How Are Annuities Taxed?

November 17, 2022

There are two types of money you can fund an annuity with:  Taxed & Taxed Deferred.  Better known as, “Qualified” (i.e., 401k, 403b, IRA, SEP-IRA, etc.) & “Non-Qualified” (Cash, Brokerage Accounts, ROTH IRAs, etc.) money.

And there are two overarching categories of annuities:  Deferred & Immediate.

Which type of annuity you choose, and what type of money you use to fund it, will determine how your annuity will be taxed.

Let’s start with the basics:


Qualified Money (money you have not paid taxes on):


No matter what type of product you fund – whether it’s an annuity, a CD, mutual funds, stocks, or bonds – if you fund it with Qualified Money, it will be taxed at normal income when you withdraw any of it.  And if you do not need the money for income, the IRS will help you out and force you to start withdrawing at the age of 72.  This is known as an RMD, or “Required Minimum Distribution.”

Of course, there are savvy ways to get around this with Charitable Remainder Trust and things like that, but usually those are expensive to set up and not practical for the average American with a normal retirement account, such as an IRA.  Eventually, Uncle Sam is going to get his cut.

One strategy you can consider when you find yourself in this situation is the “Atlas RMD Rescue Plan.”  This does not help you avoid taxes, but it could give you a strategy to prevent being forced to take money out of an account that has lost money due to a market downturn.  You can view that strategy by clicking here.


Non-Qualified Money (money that has already been taxed):

When you transfer Non-Qualified money into an annuity, that principal amount is known as the “cost basis.”  Any growth on that principal amount now becomes taxable.  But, it depends on the type of annuity that will determine how much in taxes you will pay.


Deferred Annuities Designed for Growth Only:

Let’s say you put your Non-Qualified money into a MYGA (Fixed Interest Annuity) or Fixed Indexed Annuity.  Both are designed for growth and may or may not be used for income in the future.

If you choose to never withdraw any of the money from these annuities, the taxes can be deferred forever.  However, the beneficiary of this money will pay taxes on it, but they will have options on how, and in what timeframe, to pay them.  This could be a good option for someone looking to leave money to their children and does not want the fees and risk associated with traditional investments.

If you choose to withdraw some, or all the money, the growth portion will be taxed first as normal income.  This is known as “LIFO”, Last-in First-Out.  Or earnings first withdrawal.

But, what if you choose to take only a portion of that money and turn it into an income? 

Let’s say your cost basis is $100,000 and it has grown to $200,000.  If you wanted to take $100,000 and turn it into a guaranteed income, $50,000 would be recognized as your cost basis, and $50,000 would be recognized as taxable.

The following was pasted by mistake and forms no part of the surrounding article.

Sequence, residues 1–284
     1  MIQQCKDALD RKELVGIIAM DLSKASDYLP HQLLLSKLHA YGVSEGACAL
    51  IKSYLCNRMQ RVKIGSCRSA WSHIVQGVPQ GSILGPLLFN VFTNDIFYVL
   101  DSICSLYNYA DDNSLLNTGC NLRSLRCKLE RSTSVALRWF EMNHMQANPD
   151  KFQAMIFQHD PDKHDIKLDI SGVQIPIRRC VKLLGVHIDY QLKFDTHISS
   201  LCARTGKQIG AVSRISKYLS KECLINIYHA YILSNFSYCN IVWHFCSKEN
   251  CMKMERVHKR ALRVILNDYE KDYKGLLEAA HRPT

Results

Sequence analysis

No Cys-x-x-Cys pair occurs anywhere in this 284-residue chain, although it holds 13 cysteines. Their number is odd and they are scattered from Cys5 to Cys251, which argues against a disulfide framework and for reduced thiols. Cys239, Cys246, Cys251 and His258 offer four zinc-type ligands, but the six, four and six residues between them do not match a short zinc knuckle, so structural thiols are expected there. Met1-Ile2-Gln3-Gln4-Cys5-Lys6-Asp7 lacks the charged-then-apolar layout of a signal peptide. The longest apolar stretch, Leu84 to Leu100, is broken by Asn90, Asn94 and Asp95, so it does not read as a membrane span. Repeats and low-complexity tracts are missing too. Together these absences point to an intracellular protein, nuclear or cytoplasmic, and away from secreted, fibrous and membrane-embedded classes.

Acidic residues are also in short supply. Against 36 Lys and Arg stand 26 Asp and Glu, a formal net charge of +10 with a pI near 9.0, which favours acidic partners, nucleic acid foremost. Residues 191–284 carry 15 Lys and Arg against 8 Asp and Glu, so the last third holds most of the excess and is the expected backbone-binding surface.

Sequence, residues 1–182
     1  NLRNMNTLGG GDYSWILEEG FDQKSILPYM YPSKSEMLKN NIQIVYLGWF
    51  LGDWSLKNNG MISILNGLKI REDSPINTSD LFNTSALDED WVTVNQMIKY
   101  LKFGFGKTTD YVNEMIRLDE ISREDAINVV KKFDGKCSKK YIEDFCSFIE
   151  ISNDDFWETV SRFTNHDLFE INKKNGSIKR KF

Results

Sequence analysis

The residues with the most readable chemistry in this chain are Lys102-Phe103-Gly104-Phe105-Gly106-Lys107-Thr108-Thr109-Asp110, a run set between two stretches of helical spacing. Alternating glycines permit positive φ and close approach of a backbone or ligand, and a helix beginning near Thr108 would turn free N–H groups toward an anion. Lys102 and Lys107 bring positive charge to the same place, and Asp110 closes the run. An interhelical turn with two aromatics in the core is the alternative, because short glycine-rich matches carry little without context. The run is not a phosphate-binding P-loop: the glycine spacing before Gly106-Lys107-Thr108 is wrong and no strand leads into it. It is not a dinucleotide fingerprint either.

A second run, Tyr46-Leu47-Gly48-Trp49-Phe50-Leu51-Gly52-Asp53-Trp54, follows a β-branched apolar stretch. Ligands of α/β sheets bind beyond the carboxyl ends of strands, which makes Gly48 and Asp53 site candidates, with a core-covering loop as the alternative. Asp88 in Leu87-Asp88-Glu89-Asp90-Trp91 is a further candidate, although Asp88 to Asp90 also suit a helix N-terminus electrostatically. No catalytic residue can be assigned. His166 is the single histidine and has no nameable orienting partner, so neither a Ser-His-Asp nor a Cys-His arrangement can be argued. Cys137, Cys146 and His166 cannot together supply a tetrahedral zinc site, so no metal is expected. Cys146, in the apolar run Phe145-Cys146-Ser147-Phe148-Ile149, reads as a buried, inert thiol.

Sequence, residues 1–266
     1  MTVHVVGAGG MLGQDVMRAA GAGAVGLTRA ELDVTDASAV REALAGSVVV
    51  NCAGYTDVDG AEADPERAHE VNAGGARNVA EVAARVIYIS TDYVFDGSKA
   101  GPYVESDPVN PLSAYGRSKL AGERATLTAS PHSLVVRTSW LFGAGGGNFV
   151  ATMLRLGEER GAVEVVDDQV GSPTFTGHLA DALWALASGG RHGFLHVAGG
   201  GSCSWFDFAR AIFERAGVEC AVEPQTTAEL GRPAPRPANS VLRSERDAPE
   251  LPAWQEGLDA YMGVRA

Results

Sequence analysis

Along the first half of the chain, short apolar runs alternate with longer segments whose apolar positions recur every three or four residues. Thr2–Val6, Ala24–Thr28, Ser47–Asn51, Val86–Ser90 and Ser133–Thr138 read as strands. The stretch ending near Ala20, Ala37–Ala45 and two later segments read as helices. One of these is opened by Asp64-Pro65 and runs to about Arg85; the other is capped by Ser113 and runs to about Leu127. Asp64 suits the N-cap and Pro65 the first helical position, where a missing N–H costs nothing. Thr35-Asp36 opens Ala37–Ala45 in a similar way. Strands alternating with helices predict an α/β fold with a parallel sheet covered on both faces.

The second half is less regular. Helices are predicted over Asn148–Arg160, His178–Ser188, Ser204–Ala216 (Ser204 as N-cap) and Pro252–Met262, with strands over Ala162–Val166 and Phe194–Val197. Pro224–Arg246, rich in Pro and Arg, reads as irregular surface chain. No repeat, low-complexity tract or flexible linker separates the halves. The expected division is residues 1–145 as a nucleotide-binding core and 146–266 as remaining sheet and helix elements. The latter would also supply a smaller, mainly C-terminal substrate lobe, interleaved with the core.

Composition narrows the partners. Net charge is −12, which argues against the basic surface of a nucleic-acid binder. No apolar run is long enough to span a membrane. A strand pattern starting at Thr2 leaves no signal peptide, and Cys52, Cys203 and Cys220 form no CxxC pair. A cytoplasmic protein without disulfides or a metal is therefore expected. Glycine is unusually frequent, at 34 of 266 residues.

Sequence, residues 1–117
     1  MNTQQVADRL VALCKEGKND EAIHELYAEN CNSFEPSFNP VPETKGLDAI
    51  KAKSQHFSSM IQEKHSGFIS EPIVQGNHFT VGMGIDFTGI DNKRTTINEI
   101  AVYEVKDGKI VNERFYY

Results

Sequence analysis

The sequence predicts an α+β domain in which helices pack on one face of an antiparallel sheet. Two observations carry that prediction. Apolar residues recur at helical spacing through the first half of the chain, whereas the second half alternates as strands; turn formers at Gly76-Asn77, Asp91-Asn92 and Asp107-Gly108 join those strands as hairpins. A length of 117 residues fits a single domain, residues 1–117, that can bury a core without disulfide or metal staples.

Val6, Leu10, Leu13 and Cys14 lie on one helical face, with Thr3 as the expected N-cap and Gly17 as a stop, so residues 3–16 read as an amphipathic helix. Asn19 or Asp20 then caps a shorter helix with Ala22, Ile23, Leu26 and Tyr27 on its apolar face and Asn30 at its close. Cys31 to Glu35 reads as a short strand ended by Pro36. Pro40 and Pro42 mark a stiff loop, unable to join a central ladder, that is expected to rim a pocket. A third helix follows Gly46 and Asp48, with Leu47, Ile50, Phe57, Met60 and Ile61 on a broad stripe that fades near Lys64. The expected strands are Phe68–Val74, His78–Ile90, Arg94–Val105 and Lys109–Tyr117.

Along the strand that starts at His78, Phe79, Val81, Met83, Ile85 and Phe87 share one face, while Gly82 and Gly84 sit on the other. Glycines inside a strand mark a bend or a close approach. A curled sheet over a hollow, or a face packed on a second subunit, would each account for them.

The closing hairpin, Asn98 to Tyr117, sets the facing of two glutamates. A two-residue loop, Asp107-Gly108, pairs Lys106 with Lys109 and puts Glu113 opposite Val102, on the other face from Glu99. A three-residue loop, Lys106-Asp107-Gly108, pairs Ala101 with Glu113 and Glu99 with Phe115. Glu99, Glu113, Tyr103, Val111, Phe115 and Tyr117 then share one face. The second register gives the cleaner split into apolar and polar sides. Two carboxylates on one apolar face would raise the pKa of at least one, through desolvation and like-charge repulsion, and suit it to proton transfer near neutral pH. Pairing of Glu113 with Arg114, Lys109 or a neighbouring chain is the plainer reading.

Deferred & Immediate Annuities Designed for Income:

Now, let’s say you choose to put the money in an Income Annuity.  You would fall into something called an “exclusion ratio.”  Meaning, only a portion of the income would be taxed because the IRS views part of the income as a “return of premium.”

Here’s how that works (this is just an example, so don’t hold me to these numbers):

Let’s say a 65-year-old male transfers $100,000 to an Income Annuity and starts the income immediately.  That annuity is set to pay him $6,500 per year guaranteed for the rest of his life.  The IRS Uniform Lifetime Table sets his life expectancy at 21.9 years.

Here’s how to figure out what portion would be taxable:

$6,500 x 21.9 = $142,350

$100,000 (cost basis) / $142,350 = 70.25% (exclusion ratio)

$6,500 * 70.25% = $4,566 (is excluded from being taxed)

$6,500 – $4,566 = $1,934 (is the annual taxable amount, or $387 if you’re in a 20% bracket)

If the annuitant lives beyond 21.9 years, or beyond 87 years old, he will still receive the $6,500 and will pay tax on the entire amount.

And it works the exact same way for a deferred income annuity, but the lifetime expectancy would be shorter because you would be older at the time of income activation. 



This is a pretty boring subject, and I appreciate you sticking with it.  Overall, the tax treatment of income from an annuity is an important factor that should be taken into account when considering product options to support a retirement income plan.  And you should always check with a professional tax preparer as Atlas Annuity Strategies, Inc. does not give tax advice.  This article is meant for educational purposes only.

If you would like to learn how to use annuities to achieve a guaranteed lifetime income, then I highly recommend checking out my “20% More Income in Retirement” video series.  You should also check out our “Video” page to watch all our great educational material to learn the most you can about annuities.  Especially our latest release, the “Atlas RMD Rescue Plan” to learn how annuities can help you maximize the outcome of your RMDs.  Then take a step to secure your retirement and click the “Schedule a Call” button to view my calendar and get all your questions and concerns answered.

I may not be publishing anything next week, so let me take this opportunity to wish all of you a very Happy Thanksgiving!


All the best,



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